Alison Boulton meets the National Trust head who has lived in Oxford for 40 years

For most of her local journeys around Oxford – a city Dame Helen Ghosh has lived in for more than 40 years, including her time as a student – Helen believes in pedal power. To carry out her new job as director general of the National Trust, she favours the train.

While its eco-friendly headquarters in Swindon is her base, much time is spent out of the office, visiting the trust’s 300 historic houses and gardens, its 240,000 hectares of land, and its 700 miles of coastline.

“I’m a huge fan of the train. Over the years, I’ve appreciated the many changes that have occurred on the railways for the better. Train travel is infinitely more comfortable, efficient and reliable than when I first started to commute to London in the late 1970s,” Helen said.

After meeting her husband Peter while both fellow history undergraduates at the university, Helen took a masters in sixth century Italian history and then pursued a glittering career in the Civil Service in Whitehall.

However, the family remained in Oxford.

Peter was appointed to his Fellowship at St Anne’s College in 1982. Their two children William and Olivia attended local schools: St Ebbe’s and Cheney School in Headington. Both recently graduated from Cambridge University.

We discuss the burden of student debt, and then about her decision to join the Civil Service after university, rather than something more glamorous.

“I came from a public sector family, and so the sense of doing something challenging and intellectually rewarding while serving the public was more attractive to me than jobs that might have paid more,” she said.

We talked about the influence of her parents. Educational opportunities were not as widely available for women of her mother’s generation, who raised five children and supported her husband’s career as an aeronautical engineer, but later trained as a librarian, taking an Open University degree.

“That achievement and her subsequent career gave my mother a great deal of satisfaction,” Helen said. Her enjoyment of her own career is evident in Helen’s enthusiasm and drive.

“It never occurred to me that I could not successfully combine family life with a fulfilling career and the opportunities and challenges that presented.”

She looks back at her family life as happy and rich in experiences.

“Our childhood in Hampshire included lots of days out in the countryside, visiting lovely places and buildings. I’m grateful to my parents for introducing me to all that,” Helen said Helen may be the director of the largest charitable organisation in Britain which preserves magnificent and unique buildings for the nation – but she’s also a home maker.

So although she only has to pick up the phone to access some of the grandest vistas ever conceived, she’s appreciative of small things with a great eye for detail – equally at home eating carrot cake at my kitchen table as at a black tie dinner in the Mansion House.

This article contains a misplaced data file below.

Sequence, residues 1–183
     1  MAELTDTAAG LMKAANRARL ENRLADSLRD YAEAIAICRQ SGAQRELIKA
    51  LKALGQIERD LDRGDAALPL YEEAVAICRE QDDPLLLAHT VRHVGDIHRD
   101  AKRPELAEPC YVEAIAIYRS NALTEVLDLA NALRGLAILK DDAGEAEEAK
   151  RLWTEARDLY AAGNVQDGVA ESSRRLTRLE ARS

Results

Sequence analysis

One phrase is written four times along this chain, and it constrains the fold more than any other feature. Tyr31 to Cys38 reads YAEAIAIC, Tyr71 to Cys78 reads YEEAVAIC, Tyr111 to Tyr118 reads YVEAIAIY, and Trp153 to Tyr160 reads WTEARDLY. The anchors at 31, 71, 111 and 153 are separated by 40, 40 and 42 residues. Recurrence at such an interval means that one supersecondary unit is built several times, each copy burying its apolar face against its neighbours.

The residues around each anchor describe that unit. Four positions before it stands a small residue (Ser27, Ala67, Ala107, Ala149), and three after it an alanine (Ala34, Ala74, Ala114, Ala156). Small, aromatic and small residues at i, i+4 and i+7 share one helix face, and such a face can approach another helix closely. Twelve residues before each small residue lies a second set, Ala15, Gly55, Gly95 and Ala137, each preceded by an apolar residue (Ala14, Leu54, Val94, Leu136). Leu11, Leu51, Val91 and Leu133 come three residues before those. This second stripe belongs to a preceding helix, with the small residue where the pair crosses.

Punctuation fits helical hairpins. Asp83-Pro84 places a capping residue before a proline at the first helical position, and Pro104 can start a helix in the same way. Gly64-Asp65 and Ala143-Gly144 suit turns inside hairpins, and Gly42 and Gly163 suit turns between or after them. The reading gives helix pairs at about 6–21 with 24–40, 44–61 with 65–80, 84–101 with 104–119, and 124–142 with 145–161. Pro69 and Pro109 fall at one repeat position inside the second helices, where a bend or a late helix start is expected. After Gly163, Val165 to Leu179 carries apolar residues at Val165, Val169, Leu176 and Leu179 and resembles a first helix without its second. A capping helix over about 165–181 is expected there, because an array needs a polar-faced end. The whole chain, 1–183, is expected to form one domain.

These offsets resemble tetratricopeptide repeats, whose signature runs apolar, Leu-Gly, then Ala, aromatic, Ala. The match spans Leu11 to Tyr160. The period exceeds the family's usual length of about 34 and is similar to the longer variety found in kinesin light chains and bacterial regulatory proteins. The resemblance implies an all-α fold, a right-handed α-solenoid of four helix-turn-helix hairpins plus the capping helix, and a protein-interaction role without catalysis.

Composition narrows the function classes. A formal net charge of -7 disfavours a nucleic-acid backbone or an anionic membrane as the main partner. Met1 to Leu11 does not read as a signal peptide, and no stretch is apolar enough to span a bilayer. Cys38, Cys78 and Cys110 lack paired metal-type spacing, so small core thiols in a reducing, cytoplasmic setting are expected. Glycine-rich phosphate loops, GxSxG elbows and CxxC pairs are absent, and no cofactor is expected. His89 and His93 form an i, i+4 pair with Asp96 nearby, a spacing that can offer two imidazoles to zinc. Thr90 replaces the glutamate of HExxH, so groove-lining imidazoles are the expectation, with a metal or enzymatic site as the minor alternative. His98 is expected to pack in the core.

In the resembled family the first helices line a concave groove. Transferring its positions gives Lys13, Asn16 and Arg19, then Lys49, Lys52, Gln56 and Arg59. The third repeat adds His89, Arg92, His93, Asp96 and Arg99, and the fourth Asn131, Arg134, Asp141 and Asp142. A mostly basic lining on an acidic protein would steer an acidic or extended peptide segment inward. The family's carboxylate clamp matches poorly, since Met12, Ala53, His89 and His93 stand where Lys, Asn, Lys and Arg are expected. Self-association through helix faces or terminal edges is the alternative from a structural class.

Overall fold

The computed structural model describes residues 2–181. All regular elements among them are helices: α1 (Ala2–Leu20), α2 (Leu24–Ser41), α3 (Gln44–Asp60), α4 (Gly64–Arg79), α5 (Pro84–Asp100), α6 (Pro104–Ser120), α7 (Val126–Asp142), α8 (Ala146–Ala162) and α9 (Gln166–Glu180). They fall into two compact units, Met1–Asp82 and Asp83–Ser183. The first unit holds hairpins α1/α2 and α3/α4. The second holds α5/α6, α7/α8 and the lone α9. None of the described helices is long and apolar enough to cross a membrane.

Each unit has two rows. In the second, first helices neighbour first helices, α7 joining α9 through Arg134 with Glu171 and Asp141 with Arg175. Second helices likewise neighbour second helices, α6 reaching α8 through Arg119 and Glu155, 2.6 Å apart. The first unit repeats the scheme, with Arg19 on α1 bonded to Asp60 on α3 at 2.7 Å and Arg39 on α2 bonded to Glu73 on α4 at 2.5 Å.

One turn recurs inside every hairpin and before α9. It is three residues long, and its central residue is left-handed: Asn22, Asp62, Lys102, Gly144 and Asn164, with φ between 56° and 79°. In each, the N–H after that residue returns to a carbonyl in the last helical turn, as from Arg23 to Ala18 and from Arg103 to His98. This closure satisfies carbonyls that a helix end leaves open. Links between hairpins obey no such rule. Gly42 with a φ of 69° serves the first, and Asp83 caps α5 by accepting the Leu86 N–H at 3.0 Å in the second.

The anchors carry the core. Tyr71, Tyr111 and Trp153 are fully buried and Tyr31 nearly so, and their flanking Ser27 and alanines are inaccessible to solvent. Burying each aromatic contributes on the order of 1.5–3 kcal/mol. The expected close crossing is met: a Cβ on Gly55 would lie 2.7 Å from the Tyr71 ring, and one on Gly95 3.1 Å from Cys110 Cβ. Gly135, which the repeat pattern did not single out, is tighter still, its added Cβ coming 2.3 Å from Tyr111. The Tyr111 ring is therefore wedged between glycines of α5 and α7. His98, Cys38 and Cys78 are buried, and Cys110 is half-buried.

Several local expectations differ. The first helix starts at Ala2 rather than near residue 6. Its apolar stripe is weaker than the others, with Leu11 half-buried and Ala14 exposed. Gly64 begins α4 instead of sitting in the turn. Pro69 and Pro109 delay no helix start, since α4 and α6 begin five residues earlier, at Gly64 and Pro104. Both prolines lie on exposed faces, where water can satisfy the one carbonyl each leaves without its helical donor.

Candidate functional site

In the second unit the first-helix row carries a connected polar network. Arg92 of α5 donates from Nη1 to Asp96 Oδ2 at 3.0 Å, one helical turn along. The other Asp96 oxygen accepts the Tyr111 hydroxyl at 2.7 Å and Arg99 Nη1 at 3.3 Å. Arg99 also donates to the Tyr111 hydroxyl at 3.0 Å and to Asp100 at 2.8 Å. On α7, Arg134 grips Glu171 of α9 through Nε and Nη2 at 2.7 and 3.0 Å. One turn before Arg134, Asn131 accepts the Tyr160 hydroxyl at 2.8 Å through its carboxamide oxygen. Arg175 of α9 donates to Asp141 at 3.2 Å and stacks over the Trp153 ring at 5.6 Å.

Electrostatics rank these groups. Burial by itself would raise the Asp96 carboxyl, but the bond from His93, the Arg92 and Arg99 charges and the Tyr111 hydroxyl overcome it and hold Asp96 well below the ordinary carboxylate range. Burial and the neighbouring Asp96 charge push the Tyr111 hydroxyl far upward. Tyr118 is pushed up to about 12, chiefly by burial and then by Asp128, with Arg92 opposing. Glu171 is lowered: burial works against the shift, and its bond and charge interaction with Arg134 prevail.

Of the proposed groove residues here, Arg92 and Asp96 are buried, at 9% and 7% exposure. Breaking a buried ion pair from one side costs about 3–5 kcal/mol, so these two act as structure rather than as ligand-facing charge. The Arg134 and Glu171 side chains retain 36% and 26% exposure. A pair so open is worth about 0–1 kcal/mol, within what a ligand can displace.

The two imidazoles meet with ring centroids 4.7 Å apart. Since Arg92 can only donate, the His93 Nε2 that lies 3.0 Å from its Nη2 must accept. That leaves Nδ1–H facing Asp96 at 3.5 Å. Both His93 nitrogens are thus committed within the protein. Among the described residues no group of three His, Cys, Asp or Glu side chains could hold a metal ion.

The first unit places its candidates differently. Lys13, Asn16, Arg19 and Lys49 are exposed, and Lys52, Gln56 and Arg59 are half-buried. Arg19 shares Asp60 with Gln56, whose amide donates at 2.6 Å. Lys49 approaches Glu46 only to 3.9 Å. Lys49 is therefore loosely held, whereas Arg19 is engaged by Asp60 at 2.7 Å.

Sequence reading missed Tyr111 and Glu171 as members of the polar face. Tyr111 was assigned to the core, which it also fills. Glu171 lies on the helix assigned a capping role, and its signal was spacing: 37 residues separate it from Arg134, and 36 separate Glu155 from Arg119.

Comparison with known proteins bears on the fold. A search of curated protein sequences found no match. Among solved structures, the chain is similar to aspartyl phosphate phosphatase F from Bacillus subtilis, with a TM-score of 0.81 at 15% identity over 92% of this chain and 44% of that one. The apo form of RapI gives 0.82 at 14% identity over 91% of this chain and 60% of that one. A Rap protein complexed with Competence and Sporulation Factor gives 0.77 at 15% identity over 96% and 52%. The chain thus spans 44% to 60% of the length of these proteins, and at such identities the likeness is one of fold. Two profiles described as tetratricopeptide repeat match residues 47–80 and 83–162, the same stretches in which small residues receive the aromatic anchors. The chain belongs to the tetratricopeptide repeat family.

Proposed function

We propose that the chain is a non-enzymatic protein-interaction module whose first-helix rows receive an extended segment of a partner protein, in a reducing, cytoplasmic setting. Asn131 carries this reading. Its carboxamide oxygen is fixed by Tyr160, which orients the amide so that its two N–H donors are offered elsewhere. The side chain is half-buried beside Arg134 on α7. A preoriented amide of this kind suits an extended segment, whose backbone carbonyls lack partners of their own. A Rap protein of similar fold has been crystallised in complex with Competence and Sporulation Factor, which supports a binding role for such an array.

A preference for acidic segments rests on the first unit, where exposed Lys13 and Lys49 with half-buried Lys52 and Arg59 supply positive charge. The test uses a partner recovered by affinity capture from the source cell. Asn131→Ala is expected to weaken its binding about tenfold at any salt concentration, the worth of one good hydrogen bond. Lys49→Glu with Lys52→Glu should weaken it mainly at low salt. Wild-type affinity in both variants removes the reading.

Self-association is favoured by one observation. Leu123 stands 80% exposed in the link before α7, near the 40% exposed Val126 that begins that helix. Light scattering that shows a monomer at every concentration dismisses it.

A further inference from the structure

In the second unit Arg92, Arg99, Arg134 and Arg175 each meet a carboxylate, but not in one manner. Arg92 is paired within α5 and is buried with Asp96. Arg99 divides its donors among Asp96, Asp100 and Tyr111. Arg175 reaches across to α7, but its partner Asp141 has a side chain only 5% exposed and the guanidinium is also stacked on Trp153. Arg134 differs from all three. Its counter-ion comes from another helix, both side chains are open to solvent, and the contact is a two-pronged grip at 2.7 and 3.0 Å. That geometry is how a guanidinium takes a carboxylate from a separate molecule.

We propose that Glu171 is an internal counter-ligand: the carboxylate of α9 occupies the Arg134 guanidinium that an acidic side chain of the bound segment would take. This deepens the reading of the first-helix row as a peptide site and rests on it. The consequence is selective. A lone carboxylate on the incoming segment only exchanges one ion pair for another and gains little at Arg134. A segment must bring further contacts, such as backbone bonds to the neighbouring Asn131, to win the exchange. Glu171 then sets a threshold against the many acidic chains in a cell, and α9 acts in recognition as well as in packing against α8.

When she began work on urban regeneration at the Department of the Environment under the leadership of Michael Heseltine, it helped to have a down-to-earth existence at home.

“I knew what it was like as a parent to support my local play group and primary school, or to fund raise for the church fete or for better community play facilities. It really helped when it came to formulating policy.”

By the time she left her role as Permanent Secretary at the Home Office in 2012, she had already spent two periods in the Cabinet Office. At the time of her appointment at the Department for Environment, Food and Rural Affairs (Defra) in 2010, she was the only female Permanent Secretary to head a major department of the British Government.

Having spent so long inside government, Helen has an invaluable insight into how it works. This makes her a particularly effective lobbyist – something prized by all organisations profoundly affected by central government policy.

Her wide-ranging job experience within different departments developed not only her understanding of real challenges faced, but also ways of problem solving which had practical, workable outcomes.

“I love working as a team – the free exchange of ideas to come up with the best solution and to achieve something together is the way I like best,” Helen said.

While time went on, her ambitions hadn’t changed: “I’d come to the end of a long career in the civil service, which I’d loved, but felt I had one more job in me. I wanted to capitalise on the energy and drive I still possessed and take up a new opportunity as soon as possible.”

When Dame Fiona Reynolds left the National Trust in 2012 to become Master of Emmanuel College Cambridge, Helen was appointed to succeed her as director general.

From day one, she was determined to see the National Trust’s work in a much wider environment.

“It’s only by understanding the context and issues which affect our most treasured assets that we are able to best plan how to protect them for the future. We need to share them in such a way that the whole community thrives,” Dame Helen said.

“Around 20 million people visit our ‘pay for entry properties’, our houses and gardens every year and, of course, that’s hugely gratifying, and we get about 200 million visits to our countryside. But while the overall number of visits is growing, the number of people who actually set foot inside the houses – rather than spend their time in the garden or parkland – stays more or less flat. We’ve got to change that, and encourage more people in.

“But we’re fortunate to have many ways of displaying content for the art historian or the enthusiast. We want to share the experience of our properties as widely as possible. If that means enabling other people to sit quietly in an uncluttered space and get to know one or two treasures really well, that is also part of our job,” she says before pedalling off on her bicycle, no doubt to spread the news even further.